"The Islam Industry" and Scholarship: The Future of Political Islam/Face to Face with Political Islam/The Crisis of Islam: Holy War and Unholy Terror/What Went Wrong? Western Impact and Middle Eastern Response/Islam Unveiled: Disturbing Questions about the World's Fastest-Growing Faith/Onward Muslim Soldiers: How Jihad Still Threatens America and the West/What the Koran Really Says: Language, Text, and Commentary/The Quest for the Historical Muhammad/Terror and Liberalism
AbuKhalil, As'ad, The Middle East Journal
"The Islam Industry" and Scholarship
The Future of Political Islam, by Graham E. Fuller. New York: Palgrave, 2003. xix + 213 pages. Notes to p. 220. Index to p. 227. $29.95.
Face to Face with Political Islam, by Francois Burgat. New York: I.B. Tauris, 2003. xvii + 185 pages. Notes to p. 222. Index to p. 230. $55 cloth; $22.50 paper.
The Crisis of Islam: Holy War and Unholy Terror, by Bernard Lewis. New York: The Modern Library, 2003. xxxii + 165 pages. Notes to p. 171. Index to p. 184. $29.95 cloth; $12.95 paper.
What Went Wrong? Western Impact and Middle Eastern Response, by Bernard Lewis. New York and Oxford, UK: Oxford University Press, 2002. 161 pages. Notes to p. 172. Index to p. 180. $23 cloth; $12.95 paper.
Islam Unveiled: Disturbing Questions about the World's Fastest-growing Faith, by Robert Spencer. San Francisco, CA: Encounter Books, 2002. xiii + 177 pages. Notes to p.202. Index to p. 214. $24.95.
Onward Muslim Soldiers: How Jihad Still Threatens America and the West, by Robert Spencer. Washington, DC: Regnery, 2003. xiii + 304 pages. Notes to p. 336. Index to p. 352. $27.95.
What the Koran Really Says: Language, Text, and Commentary, by Ibn Warraq. Amherst, NY: Prometheus Books, 2002. 744 pages. Appends, to p. 782. $36.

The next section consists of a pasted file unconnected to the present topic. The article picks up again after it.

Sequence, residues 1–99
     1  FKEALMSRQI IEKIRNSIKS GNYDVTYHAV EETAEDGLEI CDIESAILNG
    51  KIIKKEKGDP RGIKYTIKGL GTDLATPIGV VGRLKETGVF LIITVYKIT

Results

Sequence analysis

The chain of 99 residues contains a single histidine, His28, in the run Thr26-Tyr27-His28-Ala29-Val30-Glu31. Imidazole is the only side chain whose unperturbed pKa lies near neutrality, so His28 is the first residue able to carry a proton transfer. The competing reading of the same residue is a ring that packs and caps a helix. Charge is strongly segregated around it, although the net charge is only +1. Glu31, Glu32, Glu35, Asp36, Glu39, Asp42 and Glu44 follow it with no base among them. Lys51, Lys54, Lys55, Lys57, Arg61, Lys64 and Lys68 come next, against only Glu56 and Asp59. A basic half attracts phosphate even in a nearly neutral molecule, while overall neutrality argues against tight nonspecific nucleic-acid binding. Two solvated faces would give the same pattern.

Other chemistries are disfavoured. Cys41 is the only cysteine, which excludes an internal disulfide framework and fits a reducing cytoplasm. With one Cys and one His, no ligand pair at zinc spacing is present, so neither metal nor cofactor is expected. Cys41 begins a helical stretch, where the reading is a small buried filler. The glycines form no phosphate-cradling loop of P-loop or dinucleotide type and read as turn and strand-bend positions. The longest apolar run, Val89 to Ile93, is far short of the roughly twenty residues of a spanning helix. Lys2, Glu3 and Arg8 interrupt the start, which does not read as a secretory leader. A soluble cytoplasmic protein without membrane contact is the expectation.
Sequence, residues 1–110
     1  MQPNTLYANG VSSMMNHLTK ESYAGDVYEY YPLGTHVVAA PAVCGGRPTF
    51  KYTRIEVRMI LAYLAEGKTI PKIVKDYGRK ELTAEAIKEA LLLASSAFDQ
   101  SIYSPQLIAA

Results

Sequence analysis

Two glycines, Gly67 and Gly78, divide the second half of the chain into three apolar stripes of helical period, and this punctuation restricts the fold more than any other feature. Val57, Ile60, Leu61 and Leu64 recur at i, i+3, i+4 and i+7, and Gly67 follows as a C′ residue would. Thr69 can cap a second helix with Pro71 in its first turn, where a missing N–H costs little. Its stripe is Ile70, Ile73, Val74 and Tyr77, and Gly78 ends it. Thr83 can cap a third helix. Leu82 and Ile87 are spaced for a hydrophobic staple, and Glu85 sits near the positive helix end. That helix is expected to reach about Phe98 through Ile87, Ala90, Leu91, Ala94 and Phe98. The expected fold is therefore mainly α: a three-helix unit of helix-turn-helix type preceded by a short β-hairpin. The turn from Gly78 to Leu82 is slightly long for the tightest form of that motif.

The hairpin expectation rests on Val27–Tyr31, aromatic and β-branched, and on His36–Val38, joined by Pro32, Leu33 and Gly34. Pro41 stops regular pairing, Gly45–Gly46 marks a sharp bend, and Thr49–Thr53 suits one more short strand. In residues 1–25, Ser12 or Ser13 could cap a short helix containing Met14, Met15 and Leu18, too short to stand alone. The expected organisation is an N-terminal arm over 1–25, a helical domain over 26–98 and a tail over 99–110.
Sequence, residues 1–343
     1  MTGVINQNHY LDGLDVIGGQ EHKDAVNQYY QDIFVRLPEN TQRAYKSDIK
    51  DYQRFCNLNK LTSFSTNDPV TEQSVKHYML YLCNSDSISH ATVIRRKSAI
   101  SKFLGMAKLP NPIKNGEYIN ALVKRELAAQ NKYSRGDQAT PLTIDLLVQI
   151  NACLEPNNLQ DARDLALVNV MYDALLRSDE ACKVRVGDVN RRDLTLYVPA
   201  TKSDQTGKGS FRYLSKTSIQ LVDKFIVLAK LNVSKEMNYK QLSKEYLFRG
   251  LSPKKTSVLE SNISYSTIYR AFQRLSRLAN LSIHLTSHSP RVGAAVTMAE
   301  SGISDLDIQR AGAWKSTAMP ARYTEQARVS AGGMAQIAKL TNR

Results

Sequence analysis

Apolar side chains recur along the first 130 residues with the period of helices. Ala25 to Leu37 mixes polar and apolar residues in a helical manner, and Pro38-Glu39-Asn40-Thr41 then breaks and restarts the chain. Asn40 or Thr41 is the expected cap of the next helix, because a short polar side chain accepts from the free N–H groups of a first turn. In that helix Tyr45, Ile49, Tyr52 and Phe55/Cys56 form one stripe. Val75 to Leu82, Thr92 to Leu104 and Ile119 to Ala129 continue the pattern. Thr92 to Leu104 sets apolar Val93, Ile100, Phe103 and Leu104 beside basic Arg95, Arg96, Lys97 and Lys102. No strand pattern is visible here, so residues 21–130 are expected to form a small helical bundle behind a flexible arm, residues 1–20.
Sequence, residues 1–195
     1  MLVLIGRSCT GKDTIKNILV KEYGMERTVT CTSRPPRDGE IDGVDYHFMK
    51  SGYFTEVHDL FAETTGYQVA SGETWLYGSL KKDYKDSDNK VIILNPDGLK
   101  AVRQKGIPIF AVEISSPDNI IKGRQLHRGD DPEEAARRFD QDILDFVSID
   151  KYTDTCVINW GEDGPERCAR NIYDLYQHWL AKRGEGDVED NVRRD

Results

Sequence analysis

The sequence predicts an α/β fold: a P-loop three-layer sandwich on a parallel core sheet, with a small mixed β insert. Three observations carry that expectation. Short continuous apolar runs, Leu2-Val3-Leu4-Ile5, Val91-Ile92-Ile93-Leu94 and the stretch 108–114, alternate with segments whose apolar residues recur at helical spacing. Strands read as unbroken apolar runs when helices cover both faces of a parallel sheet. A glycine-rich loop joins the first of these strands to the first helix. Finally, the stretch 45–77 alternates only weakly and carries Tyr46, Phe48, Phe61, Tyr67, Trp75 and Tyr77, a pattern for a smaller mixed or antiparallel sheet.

The Quest for the Historical Muhammad, ed. and trans. by Ibn Warraq. Amherst, NY: Prometheus Books, 2000. 526 pages. Map. Gloss, to p. 534. Abbrevs. to p. 536. Dramatic personae to p. 545. Table to p. 546. Chron. to p. 550. $37.
Terror and Liberalism, by Paul Berman. New York: W.W. Norton, 2003. 216 pages. $21 cloth; $10.95 paper.
The body of literature on the subject of Islam by policy makers, journalists, and even tourists and travelers has overwhelmed the market. We now have an Islam industry - a popular and political culture that encourages the production of books, articles, and movies that deal with Islam and the Middle East. This production is closely tied (through financing and through ideological affinity) with the prevalent trends about Islam in the United States. The Islam industry features the works of Middle East and Islam experts at US universities who have revived the classical Orientalist approach, as well as of a swarm of untrained newcomers whose primary qualifications appear to be their ideological orientations and religious zealotry. September 11th has only increased the rate of production of sensational works that promise to reveal the true evil intentions of Muslims and Islam. Scholarly works receive less attention; and the public seems eager to consume books and articles that contain the persistent dogmas and recycled cliches of classical Orientalism, or of the production of the terrorism industry.
Given this disturbing trend, one does not normally look forward to reviewing new books on Islam and Islamic fundamentalism. But The Future of Political Islam by Graham E. Fuller and Face to Face with Islam by Francois Burgat are, refreshingly, the exceptions to the rule. Both authors are experienced scholars who are trained in Middle East studies, and who have traveled to the region for decades. Graham Fuller, who used to work in the US intelligence community, has been warning about the consequences of US foreign policy for years, and Francois Burgat, prior to having produced the book under review, had written an outstanding study of Islamic movements in North Africa, I'islamisme au Maghreb (Karthala, 1986). Both authors read and speak Arabic and have, especially Burgat, interviewed scores of Islamic activities and leaders.Fuller writes a book with analytic categories and concepts. Thus, the reader is spared the frequently-told chronological accounts of Hasan al-Banna, Sayyid Qutb, and others, though the book could have been better organized so that themes and concepts do not overlap. Fuller makes many sensible points that are often left out of US policy debates, and sometimes out of academic debates as well. …